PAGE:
Nobody plays baseball on Thanksgiving morning. Seriously, I really believe that one of the ways American football usurped baseball as America’s pastime sport ties directly into the thousands of “Turkey Bowls” held on Thanksgiving morning around the country. The phenomenon has taken root in the American consciousness, even creeping into children’s poetry, as seen in Jack Prelutsky’s excellent collection, It’s Thanksgiving. In this book of twelve poems for my favorite holiday Mr. Prelutsky includes one entitled “Daddy’s Football Game.” Phil Bidner’s Turkey Bowl provides another excellent look at Thanksgiving day football from a nine year old boy’s perspective.
As a teenager, and even in my early 20’s, I played in my share of Turkey Bowl games. Ours occurred at Transverse Park in the Mt. Oliver section of Pittsburgh. Jay Price conjures these sort of nostalgic images with his book, Thanksgiving 1959 : When One Corner Of New York City Was Still Part Of Small-Town America, And High School Football Was The Last Thing Guys Did For Love. While the title is really long, Mr. Price’s nifty little book manages to get at the heart of what Turkey Bowl football games really mean. Sometimes they involve neighborhood friends getting together, but often whole families play in these games, which by the end of November can be cold and muddy affairs, making older Pittsburgh homes and their basement “mill showers” ideal for dealing with a dirty crew of Turkey Bowl veterans.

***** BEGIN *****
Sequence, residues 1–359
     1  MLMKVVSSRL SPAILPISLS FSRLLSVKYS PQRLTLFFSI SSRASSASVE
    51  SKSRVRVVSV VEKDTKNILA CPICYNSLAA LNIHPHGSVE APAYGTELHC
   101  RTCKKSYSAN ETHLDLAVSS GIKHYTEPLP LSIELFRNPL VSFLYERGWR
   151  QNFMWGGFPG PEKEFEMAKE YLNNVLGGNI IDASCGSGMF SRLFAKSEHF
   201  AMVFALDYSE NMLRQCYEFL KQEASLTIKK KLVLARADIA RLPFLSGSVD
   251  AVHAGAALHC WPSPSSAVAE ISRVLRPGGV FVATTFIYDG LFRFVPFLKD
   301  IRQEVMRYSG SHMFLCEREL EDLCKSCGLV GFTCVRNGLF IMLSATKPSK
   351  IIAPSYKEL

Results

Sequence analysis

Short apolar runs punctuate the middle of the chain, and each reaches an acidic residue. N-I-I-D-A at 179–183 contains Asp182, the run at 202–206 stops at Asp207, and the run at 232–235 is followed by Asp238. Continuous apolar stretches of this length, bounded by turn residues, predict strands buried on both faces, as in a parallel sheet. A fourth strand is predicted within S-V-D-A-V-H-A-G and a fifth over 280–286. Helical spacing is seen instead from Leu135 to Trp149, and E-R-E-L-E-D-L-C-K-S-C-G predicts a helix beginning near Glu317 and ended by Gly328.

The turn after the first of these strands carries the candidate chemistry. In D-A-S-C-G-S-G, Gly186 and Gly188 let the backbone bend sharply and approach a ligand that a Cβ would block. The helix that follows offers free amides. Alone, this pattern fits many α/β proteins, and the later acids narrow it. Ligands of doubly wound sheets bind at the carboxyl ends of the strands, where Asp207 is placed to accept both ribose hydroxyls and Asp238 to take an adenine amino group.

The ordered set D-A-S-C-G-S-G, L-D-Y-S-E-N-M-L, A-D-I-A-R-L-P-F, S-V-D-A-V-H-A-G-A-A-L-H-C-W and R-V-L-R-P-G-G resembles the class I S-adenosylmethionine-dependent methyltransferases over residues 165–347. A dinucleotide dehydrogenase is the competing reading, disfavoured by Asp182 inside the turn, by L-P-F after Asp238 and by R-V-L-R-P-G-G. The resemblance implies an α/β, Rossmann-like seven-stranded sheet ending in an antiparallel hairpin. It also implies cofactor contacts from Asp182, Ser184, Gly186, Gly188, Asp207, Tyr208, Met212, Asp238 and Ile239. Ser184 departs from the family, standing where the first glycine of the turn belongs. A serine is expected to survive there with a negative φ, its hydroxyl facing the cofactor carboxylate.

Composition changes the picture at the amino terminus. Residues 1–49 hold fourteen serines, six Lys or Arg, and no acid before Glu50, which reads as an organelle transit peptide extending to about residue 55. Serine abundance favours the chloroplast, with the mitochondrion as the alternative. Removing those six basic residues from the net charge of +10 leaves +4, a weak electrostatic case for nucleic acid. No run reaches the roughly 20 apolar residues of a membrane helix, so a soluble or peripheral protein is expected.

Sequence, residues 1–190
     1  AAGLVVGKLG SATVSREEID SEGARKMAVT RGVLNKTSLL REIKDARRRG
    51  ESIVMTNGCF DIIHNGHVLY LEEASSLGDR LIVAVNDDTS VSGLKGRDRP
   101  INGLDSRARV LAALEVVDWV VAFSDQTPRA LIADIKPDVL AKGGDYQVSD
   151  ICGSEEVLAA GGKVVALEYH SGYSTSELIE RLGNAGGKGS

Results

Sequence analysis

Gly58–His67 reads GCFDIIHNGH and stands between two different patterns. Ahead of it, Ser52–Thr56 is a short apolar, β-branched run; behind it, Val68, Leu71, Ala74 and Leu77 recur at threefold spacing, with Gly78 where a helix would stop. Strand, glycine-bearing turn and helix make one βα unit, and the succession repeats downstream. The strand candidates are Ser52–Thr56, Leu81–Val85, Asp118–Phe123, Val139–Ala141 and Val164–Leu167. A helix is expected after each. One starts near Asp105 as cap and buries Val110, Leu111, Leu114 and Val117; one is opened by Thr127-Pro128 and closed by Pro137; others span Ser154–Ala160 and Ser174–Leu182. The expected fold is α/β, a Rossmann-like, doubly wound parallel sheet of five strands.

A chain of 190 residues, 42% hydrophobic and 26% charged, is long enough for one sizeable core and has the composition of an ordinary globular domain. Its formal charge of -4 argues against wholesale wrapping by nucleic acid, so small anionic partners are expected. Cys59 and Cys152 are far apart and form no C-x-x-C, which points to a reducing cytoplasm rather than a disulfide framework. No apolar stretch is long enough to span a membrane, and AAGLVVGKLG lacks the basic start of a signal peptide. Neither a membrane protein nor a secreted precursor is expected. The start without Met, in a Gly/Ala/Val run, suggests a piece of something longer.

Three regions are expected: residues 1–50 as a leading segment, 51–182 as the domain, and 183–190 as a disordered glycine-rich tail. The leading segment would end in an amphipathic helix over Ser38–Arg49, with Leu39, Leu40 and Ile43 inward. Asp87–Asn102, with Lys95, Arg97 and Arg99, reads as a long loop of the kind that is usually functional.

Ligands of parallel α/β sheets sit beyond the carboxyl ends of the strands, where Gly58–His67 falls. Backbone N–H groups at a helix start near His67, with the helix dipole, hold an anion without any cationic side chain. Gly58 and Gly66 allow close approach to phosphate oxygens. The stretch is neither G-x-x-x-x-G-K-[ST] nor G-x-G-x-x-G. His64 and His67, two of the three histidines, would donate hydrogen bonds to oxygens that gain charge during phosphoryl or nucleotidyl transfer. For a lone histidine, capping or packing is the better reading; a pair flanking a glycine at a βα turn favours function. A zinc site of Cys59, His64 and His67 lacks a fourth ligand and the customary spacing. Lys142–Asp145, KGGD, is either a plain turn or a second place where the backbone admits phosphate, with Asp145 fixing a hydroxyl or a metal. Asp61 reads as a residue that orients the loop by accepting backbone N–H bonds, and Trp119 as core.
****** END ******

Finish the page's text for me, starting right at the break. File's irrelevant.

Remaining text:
No one can deny the power of television to change minds and shape public opinion. That’s why the National Football League’s decision to hold and later broadcast two Thanksgiving day games every year turned into marketing genius. You can find the history of all of the NFL’s “Turkey Bowl” tilts here. The Detroit Lions became regular Thanksgiving hosts starting in 1950, and the Dallas Cowboys joined them as regular hosts starting in 1966. Of course, now the NFL has added a third regular Turkey Day game, this time with a rotating host team. You can find further insights into NFL history in The NFL Century : The Complete Story Of The National Football League, 1920-2000.
Like soccer, one of the magical things about American football is that you really only need a ball, an expanse of grass, and a few willing participants to hold a game. No fancy equipment needed. In my halcyon days we played murderous games of tackle football with no protective equipment. People are smarter now, and many Turkey Bowls have become strictly touch football affairs–no tackling. After all, who wants to eat Thanksgiving dinner with a broken drumstick?